“I’m pretty sure it will come out,” Murray said of the latest possible changes to the bill. “They are selling not only the wrong policy but they are selling the House Republicans something that isn’t ever going to see the light of day.”

It’s a process that cannot start in earnest until the House passes its repeal bill and the legislation is before the Senate, where Democrats and Republicans will haggle with parliamentarian Elizabeth MacDonough over what is acceptable under reconciliation — a critical “Byrd bath” process that will determine whether portions of the health care proposal will need 60 votes to survive.

“There’s only so much they can get through over there. And we’ll have to see what we can do,” said Senate Finance Chairman Orrin Hatch (R-Utah). “It has to

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House Rules to resume work on Obamacare repeal Thursday morning

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The House Rules Committee discusses the Republican health care bill on Capitol Hill on March 22. | AP Photo

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Nunes apologizes for going directly to White House with monitoring claims

Nancy Pelosi calls the Intelligence Committee chairman a 'stooge for the president of the United States.'

By Austin Wright and Nolan D. McCaskill

03/23/17 11:16 AM EDT

Updated 03/23/17 12:21 PM EDT

House Intelligence Chairman Devin Nunes apologized to members of his panel Thursday for not informing Rep. Adam Schiff, the ranking Democrat, before going public with allegations that Trump transition messages were inadvertently intercepted by U.S. intelligence agencies.

A committee aide said that Nunes apologized "for not sharing information about the documents he saw with the minority before going public” and that “he pledged to work with them on this issue.”

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The apology from Nunes came as congressional Democrats on Thursday slammed him for his perceived allegiance to the Trump administration, questioning whether he is fit to lead to an impartial investigation into possible ties between Trump’s associates and Russian officials.

Rep. Adam Schiff (D-Calif.), the top Democrat on the House intelligence panel, told NPR’s Steve Inskeep on Thursday that committee members still haven’t been privy to the information Nunes shared with the White House. Nunes has said he is not in possession of the information yet and that he hopes it will be delivered to his committee on Friday.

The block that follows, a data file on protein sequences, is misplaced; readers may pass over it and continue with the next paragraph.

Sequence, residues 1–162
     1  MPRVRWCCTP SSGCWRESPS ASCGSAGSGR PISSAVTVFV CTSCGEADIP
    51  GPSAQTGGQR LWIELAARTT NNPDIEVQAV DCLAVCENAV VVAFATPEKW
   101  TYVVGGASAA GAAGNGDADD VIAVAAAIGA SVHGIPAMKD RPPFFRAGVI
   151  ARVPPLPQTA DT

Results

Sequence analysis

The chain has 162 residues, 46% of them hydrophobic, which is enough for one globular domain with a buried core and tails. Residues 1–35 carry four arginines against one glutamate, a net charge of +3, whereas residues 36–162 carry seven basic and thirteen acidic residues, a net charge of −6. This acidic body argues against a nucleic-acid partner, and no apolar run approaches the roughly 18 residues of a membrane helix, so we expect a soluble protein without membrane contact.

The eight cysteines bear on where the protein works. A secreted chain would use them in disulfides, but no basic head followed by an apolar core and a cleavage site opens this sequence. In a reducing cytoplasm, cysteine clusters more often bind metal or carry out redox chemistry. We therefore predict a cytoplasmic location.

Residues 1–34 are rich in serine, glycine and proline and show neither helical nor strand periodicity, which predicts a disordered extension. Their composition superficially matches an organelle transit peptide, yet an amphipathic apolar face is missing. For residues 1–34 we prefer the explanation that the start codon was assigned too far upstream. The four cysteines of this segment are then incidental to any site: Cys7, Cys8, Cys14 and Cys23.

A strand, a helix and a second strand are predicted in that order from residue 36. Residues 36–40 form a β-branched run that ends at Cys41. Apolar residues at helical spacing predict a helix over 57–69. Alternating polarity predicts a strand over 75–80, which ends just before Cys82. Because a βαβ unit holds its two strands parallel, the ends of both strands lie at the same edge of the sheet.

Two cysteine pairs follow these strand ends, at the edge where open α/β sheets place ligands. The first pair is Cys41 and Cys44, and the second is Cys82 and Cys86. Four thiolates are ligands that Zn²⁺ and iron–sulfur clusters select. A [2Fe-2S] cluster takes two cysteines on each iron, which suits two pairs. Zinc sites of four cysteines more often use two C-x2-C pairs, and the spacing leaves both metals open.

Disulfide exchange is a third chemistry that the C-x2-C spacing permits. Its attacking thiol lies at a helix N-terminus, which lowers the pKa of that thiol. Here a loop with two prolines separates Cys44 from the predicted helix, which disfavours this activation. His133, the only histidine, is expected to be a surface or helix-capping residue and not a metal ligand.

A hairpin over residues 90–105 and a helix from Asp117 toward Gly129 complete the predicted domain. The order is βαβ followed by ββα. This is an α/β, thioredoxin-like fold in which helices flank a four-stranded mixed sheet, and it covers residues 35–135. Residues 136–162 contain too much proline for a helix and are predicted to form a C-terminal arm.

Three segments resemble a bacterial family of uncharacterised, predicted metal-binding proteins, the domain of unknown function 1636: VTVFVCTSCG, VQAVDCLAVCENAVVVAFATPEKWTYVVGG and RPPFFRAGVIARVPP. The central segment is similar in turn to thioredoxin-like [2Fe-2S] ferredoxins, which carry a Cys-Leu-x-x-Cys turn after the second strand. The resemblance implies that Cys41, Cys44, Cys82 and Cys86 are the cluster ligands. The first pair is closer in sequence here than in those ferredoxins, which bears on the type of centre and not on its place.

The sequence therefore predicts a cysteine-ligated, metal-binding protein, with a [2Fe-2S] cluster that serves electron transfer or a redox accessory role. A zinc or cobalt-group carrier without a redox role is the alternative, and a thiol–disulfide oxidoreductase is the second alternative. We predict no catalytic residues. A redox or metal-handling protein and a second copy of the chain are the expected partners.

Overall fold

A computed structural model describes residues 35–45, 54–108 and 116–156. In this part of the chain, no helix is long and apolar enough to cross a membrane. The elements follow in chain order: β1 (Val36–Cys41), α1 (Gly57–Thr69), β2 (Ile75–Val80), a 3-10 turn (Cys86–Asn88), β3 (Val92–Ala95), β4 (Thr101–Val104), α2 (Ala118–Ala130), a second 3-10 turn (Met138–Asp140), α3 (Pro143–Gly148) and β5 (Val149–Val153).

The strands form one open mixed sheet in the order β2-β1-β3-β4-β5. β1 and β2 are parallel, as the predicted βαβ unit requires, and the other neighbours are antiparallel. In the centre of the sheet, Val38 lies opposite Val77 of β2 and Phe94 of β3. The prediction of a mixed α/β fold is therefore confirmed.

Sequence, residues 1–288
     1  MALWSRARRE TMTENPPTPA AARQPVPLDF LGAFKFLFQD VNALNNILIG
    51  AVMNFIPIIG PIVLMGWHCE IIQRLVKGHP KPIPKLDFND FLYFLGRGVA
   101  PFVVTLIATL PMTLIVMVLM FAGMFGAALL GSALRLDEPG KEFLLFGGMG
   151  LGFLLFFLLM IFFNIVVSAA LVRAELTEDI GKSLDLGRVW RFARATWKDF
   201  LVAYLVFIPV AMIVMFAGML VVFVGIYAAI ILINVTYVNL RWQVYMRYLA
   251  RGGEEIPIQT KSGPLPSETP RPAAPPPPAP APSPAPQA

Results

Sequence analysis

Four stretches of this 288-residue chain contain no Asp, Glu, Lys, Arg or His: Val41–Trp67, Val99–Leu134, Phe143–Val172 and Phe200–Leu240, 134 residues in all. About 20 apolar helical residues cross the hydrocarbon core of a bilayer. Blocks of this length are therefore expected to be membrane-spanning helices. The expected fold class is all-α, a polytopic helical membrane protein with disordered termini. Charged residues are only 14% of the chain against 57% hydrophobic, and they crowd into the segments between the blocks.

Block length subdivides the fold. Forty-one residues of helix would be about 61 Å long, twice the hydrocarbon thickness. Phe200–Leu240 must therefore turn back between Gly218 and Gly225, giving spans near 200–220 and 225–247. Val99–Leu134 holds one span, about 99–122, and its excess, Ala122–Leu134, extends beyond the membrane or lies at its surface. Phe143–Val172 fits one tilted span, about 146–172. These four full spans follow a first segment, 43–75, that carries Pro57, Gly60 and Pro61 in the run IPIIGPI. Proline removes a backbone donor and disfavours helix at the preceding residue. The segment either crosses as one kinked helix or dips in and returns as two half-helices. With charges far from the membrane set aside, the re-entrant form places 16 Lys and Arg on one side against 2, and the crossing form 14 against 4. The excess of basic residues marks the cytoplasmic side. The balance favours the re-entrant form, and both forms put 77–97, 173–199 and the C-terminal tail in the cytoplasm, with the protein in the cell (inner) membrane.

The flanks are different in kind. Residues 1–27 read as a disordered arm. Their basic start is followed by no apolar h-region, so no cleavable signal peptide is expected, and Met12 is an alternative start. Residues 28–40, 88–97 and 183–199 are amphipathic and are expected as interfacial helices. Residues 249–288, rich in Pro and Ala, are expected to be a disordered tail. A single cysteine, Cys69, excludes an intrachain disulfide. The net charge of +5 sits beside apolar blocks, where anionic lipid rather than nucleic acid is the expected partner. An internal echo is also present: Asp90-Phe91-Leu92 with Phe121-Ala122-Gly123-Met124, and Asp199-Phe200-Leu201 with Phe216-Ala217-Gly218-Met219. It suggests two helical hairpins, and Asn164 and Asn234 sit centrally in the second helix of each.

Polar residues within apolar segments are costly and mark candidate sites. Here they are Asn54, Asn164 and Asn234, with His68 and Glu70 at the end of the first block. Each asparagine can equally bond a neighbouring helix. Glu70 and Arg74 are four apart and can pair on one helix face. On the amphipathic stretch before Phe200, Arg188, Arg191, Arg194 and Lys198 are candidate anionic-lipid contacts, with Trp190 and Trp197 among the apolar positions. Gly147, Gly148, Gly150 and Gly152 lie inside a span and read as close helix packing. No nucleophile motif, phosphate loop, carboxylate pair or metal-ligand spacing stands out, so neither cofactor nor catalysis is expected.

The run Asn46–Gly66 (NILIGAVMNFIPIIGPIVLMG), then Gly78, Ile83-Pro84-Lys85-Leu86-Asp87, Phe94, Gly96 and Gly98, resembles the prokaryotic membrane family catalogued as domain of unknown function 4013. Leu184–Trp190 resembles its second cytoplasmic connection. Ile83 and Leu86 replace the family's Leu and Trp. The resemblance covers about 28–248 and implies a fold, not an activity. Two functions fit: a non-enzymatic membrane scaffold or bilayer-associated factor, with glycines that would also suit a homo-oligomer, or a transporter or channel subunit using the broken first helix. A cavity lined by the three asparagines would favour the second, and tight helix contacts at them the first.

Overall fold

“At this point the only people who do know are the chairman and the president. And given that the president’s associates are the subject in part of the investigation, that’s wholly inappropriate, and, unfortunately, I think it really impugns the credibility of the chairman in terms of his ability to conduct an independent investigation,” Schiff said.

During an earlier, brief exchange with reporters Thursday morning, Nunes was asked if the information he alluded to Wednesday came from the White House. Nunes stressed that “we have to keep our sources and methods here very, very quiet” and defended his “judgment call” to brief the president while other committee members were left in the dark, despite Trump and his associates being part of the focus of multiple investigations.

“The president didn’t invite me over. I called down there and invited myself because I thought he needed to understand what I saw and that he needed to try to get that information because he has every right to see it,” Nunes told reporters.

Committee member Jackie Speier (D-Calif.) said she believed Nunes' accusations on Wednesday had been directed by the White House. She pointed to an interview Trump did with Fox News earlier this month in which he said his administration would be "submitting things" to the House Intelligence Committee "very soon."

"I am of the opinion that this was orchestrated either from the White House or by ... someone associated with the White House," Speier said. "This is a three-act play, and we're now seeing it."

On Wednesday, Nunes held a news conference and then briefed Trump on evidence he had been shown by a "source" that, following November's election, Trump transition team members were caught up in incidental surveillance of foreign targets. He said the identities of